Two great examples that I love talking about are augmented reality and virtual reality.                                                                                                    

5G will offer the enhanced mobile broadband data rates and low latency needed to enable wireless AR and VR. VR headsets can allow people to immerse themselves in live experiences from nearly anywhere. Imagine “attending” a sporting event on the other side of the world while sitting in your home office or on a commuter train. That’ll be amazing!

And such headsets won’t just be for entertainment. With augmented reality (enhancing the view of the real world with digital information), users will be able to bring critical data into whatever task they’re performing. The possibilities are endless, ranging from engineers planning the construction of a new truss bridge to surgeons performing medical procedures and emergency response teams working in disaster zones.

Can 5G handle the bandwidth demands of these new mobile experiences?                                                 

In order to meet the growing demand for data, we’ll need to squeeze the most out of all spectrum bands. Mobile wireless services have traditionally used the spectrum between 500 MHz and 3 GHz. However, for 5G, we’ll need more bandwidth than what’s currently available.

We’re pioneering solutions in all spectrum bands — low (below 1 GHz), mid (1 to 6 GHz) and high (6 to 70 GHz). The high band, which is sometimes referred to as millimeter wave (mmWave) — has historically been used for fixed wireless backhaul communication. Our 5G research has focused on key technologies that make the mmWave band suitable for mobile communication with analog beamforming, fast beam tracking, and beam switching within and across access points.

By using the wider bandwidths available, along with supporting advanced technologies, we’re providing low latency (very short delays) and multi-Gbps speeds. In the mid and high bands, one such advanced technology is Massive MIMO, which uses tens of tiny antennas built into devices to support fine beamforming and reliable high-speed data transmission.          

In advance of its launch, how is 5G being tested?

We’re developing end-to-end 5G prototype systems to provide multi-Gbps over wide bandwidth — scalable in units of 100 MHz — with support for Massive MIMO in mid (3 to 6 GHz) and high (mmWave) bands. In addition to multi-Gbps data rates, these systems enable ultra-low latency (less than a millisecond) communication in the airlink.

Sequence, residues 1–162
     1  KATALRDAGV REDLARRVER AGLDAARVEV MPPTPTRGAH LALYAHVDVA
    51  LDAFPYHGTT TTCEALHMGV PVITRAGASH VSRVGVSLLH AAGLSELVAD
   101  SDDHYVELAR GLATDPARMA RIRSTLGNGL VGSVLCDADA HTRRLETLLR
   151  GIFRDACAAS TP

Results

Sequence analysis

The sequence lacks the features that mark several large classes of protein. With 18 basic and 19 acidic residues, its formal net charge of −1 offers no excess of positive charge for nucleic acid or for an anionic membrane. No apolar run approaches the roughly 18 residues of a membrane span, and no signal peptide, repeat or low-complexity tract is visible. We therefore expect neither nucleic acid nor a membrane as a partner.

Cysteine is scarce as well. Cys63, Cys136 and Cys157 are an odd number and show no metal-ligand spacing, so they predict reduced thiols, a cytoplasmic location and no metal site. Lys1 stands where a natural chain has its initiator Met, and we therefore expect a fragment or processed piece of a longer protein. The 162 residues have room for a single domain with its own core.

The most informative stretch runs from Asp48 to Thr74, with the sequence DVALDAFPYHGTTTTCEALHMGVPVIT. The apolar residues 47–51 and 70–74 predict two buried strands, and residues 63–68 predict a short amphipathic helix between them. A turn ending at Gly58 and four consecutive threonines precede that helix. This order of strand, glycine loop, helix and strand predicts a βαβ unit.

This will provide a platform for 3GPP spec compliant 5G NR trials with operators and other industry stakeholders in 2017.

How will those bandwidth issues be addressed?

We’re pioneering 5G solutions to overcome challenges. This includes using many antennas that include intelligent beamforming and tracking and optimizing the design to provide support for mobility. Beamforming in the mid and high bands acts like a spotlight to focus on and follow your device and provide extreme throughput as you transition between different beams within and across small cells.

We’re already commercialized mmWave technology today with 802.11ad at 60 GHz and will be a key contributor to the initial mmWave trials deployments in 2017.

With so many companies focused on 5G, what makes Qualcomm unique?                                                                                      

I really believe in the people and philosophy here at Qualcomm. In his post about 5G, Steve [Mollenkopf] said, “Qualcomm is an invention company. We’ve been developing these 5G building blocks for years — just as we pioneered many of the building blocks for 3G and 4G. It hasn’t been easy. … But that’s what Qualcomm does.”

We have a proven end-to-end system approach, which is required to drive new technologies from concept to commercialization at a rapid pace and massive scale. In addition, our ability to manage wireless complexity in highly integrated chipsets and platforms is crucial to fuel progress on the way to 5G. We have the unique ability to simplify things so manufacturers and providers can focus on creating new devices and services.

That’s what differentiates us, and I’m extremely proud to be a part of that.